So, search for the effects of those ingredients on your teeth. If there is any sign they might irritate you, avoid them. Alternatively, bring the tea to your dentist so they can tell you whether it's safe.
Naturally, you should avoid additives like honey, known to add sugar to your tea. You sould also avoid citrus-based additives, as acids might affect your blood clot. You might also avoid additives that bring a strong flavor (like ginger) to your tea.
When Can I Drink Soda After Tooth Extraction?
If you ask a dentist, “never” is the best time to drink soda after a tooth extraction. The combo platter of high sugar and acid makes it a terrible combination for your teeth. At the bare minimum, wait three or more weeks before you start drinking it again.
Soda increases tooth decay with its high sugar content and acidic nature. Even if you drink diet soda, the acid eats away your teeth.
When Can You Drink Hot Liquids After A Tooth Extraction?
Whether it be hot chocolate, coffee, or apple cider, you’ll want to wait about a week before drinking after a tooth extraction. This gives you more than enough time to heal.
As we’ve said earlier, hot drinks can contribute to a dry socket. This causes extreme pain from exposed nerve endings normally protected by gums and teeth.
Hot drinks can also irritate your gums. After a tooth extraction, your gums are often sore. They will remain sore for the entire healing process.
How Long After A Tooth Extraction Can I Drink Water?
Water is the best thing you can drink after a tooth extraction. Still, you’ll want to wait until you can remove the gauze from your mouth. So, this is typically about an hour at most.
Water helps you stay hydrated, which is incredibly important when healing. Your mouth will produce a lot of saliva to protect itself from bacteria. Water helps in saliva production, making it very important to avoid infection.
When it comes to drinking water, the only rule is NEVER to use a straw. A straw can create a suction vacuum in your mouth, which can rupture your blood clot. When the blood clot ruptures, it will need to restart healing.
You can even drink non-carbonated flavored waters (like sports drinks) if you want something more interesting. These have light flavors and limited additives, making them a good substitute. Just be sure to avoid anything with sugar.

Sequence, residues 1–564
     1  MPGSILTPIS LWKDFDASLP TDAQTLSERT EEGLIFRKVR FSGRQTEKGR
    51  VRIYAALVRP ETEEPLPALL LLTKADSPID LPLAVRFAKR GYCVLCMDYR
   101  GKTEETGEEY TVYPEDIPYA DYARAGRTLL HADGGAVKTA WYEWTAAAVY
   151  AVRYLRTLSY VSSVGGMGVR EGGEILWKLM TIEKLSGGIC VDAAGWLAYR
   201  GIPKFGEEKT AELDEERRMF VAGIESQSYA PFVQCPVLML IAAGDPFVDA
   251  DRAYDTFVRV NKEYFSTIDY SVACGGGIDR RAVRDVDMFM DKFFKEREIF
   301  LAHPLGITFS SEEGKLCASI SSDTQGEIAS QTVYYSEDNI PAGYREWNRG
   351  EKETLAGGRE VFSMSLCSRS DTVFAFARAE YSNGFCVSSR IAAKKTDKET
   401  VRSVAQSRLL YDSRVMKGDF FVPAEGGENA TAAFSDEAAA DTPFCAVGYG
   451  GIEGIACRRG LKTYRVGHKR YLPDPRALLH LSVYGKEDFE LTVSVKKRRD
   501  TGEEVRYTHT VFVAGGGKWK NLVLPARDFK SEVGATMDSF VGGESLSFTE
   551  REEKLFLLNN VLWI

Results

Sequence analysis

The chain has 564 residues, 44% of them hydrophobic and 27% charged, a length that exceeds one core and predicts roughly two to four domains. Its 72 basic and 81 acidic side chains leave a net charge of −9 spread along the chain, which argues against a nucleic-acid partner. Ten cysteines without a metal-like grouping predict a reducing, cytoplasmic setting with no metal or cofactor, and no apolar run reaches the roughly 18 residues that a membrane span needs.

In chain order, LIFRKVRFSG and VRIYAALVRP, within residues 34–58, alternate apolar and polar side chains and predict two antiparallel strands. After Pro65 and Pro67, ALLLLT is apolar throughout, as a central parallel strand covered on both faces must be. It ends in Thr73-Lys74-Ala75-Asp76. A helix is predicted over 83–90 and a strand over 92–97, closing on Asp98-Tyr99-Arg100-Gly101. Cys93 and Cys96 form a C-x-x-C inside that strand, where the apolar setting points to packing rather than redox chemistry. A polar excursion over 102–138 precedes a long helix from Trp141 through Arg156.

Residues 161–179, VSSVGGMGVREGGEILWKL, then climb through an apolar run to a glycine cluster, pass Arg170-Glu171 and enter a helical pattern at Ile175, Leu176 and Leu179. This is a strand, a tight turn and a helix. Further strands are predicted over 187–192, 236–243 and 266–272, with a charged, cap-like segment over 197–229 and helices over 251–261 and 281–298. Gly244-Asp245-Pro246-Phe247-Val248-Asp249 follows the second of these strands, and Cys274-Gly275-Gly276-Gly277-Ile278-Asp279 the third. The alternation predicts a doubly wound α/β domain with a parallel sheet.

Can I Drink Alcohol After A Tooth Extraction
No, you cannot drink alcohol after a tooth extraction. Alcohol has similar risks to soda and coffee, making it a bad choice to drink after a tooth extraction.
Alcohol is unique in that it dries out your mouth. When your mouth is dry, it doesn’t make saliva. Because saliva is a natural deterrent against bacteria, it makes your mouth more likely to get infections.
Beyond that, many alcoholic beverages use a lot of sugar. As we’ve said in other parts of this article, sugar can be incredibly bad after oral surgery.
Some alcohol is also known for carbonation, which often relies on acidic compounds. This means that alcohol can be worse for you than soda in many cases.
Can I Drink Milk After A Tooth Extraction?
No, you cannot drink milk after a tooth extraction. While milk isn’t bad for you, you should stick to water for the first three days after a tooth extraction. Because milk is on the lower end of the risk spectrum, you can likely drink it sooner than most other beverages.
Milk is one of the better beverages when compared to others. It doesn’t have high sugar, isn’t carbonated, and isn’t known to dry out your mouth. But milk does not hydrate you, which is incredibly important to help your mouth heal. Because hydration helps your mouth make saliva, it’s necessary to stick to hydrating drinks.
In addition, milk could lead to a dry socket, according to some experts. However, a review of the data revealed that there are mixed signals from dentists when it comes to dairy products. So, there isn’t much real information on whether milk is connected to a dry socket.
If you want dairy, you should consider yogurt as an alternative. Yogurt is full of protein, which is a compound that encourages your body to heal. So, it is on an approved list of foods after a tooth extraction.
When avoiding dairy products after a tooth extraction, stick to much of the same advice you can find in other parts of this article. Namely, you should avoid smoothies and chocolate milk, as both are known for using too much sugar.
If you ask any dentist, they'll tell you that the best drink after a tooth extraction is water. If you feel adventurous, you can use flavored water with no additives.
Other beverages, like milk, coffee, alcohol, and juice, must be avoided for the first week. Soda, in particular, should be avoided forever if you can help it.
After a tooth extraction, you should avoid drinks with high sugar, extreme temperatures, or carbonation. You should also be careful to avoid drinks that make you feel dehydrated.
Water and flavored water is your best choice because it hydrates. When you hydrate, you can heal fast, bringing your mouth back to 100%.